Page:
Appeal from the United States Court of International Trade in No. 09-CV-0197, Senior Judge Judith M. Barzilay.
DANIEL MORRIS, Dentons U.S. LLP, of Washington, DC, argued for plaintiff-appellant. With him on the brief was MARK P. LUNN.
DAVID D'ALESSANDRIS, Trial Attorney, Commercial Litigation Branch, Civil Division, United States Department of Justice, of Washington, DC, argued for defendant-appellee United States. With him on the brief were STUART F. DELERY, Assistant Attorney General, JEANNE E. DAVIDSON, Director, and PATRICIA M. MCCARTHY, Assistant Director. Of counsel on the brief was NATHANIEL HALVORSON, Attorney, International Trade, Office of the Chief Counsel for Trade Enforcement & Compliance, United States Department of Commerce, of Washington, DC.
NATHANIEL B. BOLIN, Skadden, Arps, Slate, Meagher & Flom LLP, of Washington, DC, argued for defendant-appellee United States Steel Corporation. With him on the brief were ROBERT E. LIGHTHIZER and JEFFREY D. GERRISH. Of counsel were JAMES C. HECHT, of Washington, DC, and STEPHEN J. NARKIN, of Palo Alto, California.
Before NEWMAN, LOURIE, and TARANTO, Circuit Judges.
Lourie, Circuit Judge
Essar Steel Ltd. (" Essar" ) appeals from the decision of the United States Court of International Trade (the " Trade Court" ) affirming the United States Department of Commerce's (" Commerce" ) corroboration of the adverse facts available (" AFA" ) rate from the fifth administrative review of the countervailing duty order covering certain hot-rolled carbon steel flat products from India. See Essar Steel Ltd. v. United States, 908 F.Supp.2d 1306 (Ct. Int'l Trade 2013). Because we agree with the Trade Court that Commerce corroborated the AFA rate to the extent practicable, we affirm.
Essar is an Indian steel manufacturer with a facility in the state of Chhattisgarh, India that imports hot-rolled carbon steel flat products into the United States. In 2008, Commerce initiated an investigation to assess whether Essar received countervailable subsidies for its iron ore products in India for the period of review from January 1, 2007 through December 31, 2007. See Initiation of Antidumping and Countervailing Duty Administrative Reviews and Request for Revocation in Part, 73 Fed. Reg. 4829 (Jan. 28, 2008).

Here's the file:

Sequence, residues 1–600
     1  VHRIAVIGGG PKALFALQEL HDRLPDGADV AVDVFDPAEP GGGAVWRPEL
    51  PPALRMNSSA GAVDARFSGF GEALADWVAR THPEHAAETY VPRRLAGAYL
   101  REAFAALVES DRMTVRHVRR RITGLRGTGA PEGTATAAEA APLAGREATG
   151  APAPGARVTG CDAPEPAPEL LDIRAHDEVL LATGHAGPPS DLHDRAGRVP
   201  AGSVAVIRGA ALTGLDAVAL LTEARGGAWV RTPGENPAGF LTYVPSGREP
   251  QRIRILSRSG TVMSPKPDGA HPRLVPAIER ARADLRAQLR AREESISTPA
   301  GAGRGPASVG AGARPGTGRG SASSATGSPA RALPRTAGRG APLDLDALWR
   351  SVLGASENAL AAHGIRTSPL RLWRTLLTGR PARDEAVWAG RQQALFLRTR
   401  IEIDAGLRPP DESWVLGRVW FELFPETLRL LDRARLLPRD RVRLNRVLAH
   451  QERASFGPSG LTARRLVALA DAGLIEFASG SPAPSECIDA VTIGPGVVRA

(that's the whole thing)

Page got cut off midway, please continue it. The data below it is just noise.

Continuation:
Commerce investigated Essar's receipt of benefits from nine separate subsidies provided under the Chhattisgarh Industrial Program (" CIP" ) administered by the state government of Chhattisgarh. Essar, 908 F.Supp.2d at 1310-11. In response to Commerce's requests for information on its use of and benefit from the CIP subsidies, Essar repeatedly denied receiving any CIP subsidies based on a claim that Essar did not have any manufacturing facilities in Chhattisgarh. Essar Steel Ltd. v. United States, 678 F.3d 1268, 1275 (Fed. Cir. 2012). Commerce found, however, that Essar's claims were contradicted by other information that Essar itself had placed on the record. Id. at 1274-79. During the fifth administrative review, the government of India and the state government of Chhattisgarh also failed to respond to Commerce's requests for information on the CIP subsidies. Essar, 908 F.Supp.2d at 1312.
Commerce therefore applied adverse facts in its May 2009 final results and concluded that Essar did benefit from the CIP. Essar, 678 F.3d at 1271. Essar appealed Commerce's final results to the Trade Court, and after numerous proceedings before the court and a remand back to Commerce, the United States government and United States Steel Corporation (" U.S. Steel" ) appealed Essar's use of and benefit from the CIP subsidies. Id. at 1271-72. We upheld Commerce's decision to apply AFA with respect to Essar's use of and benefit from the CIP subsidies,
noting " Essar's dishonest denials of a facility in Chhattisgarh." Id. at 1274-79. Essar then " contacted the [Trade Court] for guidance" with regard to corroboration of the AFA rate, which was an issue that was previously raised before the Trade Court but never resolved. Essar Steel Ltd. v. United States, 880 F.Supp.2d 1327, 1328-29 (Ct. Int'l Trade 2012). The Trade Court then remanded the case to Commerce with instructions to explain how it corroborated the AFA rate assigned to Essar for its participation in the CIP or why corroboration was not practicable. Id. at 1332.
Commerce filed its remand results explaining how it corroborated, to the extent practicable, the AFA rate assigned to Essar given that Essar, the state government of Chhattisgarh, and the government of India failed to cooperate during the fifth administrative review. Essar, 908 F.Supp.2d at 1309. Commerce explained that it applied a hierarchical methodology in selecting an AFA rate. Commerce first " sought to apply, where available, the highest, above de minimis [AFA] rate calculated for the identical program from any segment of the proceeding." J.A. 114. Then, absent ...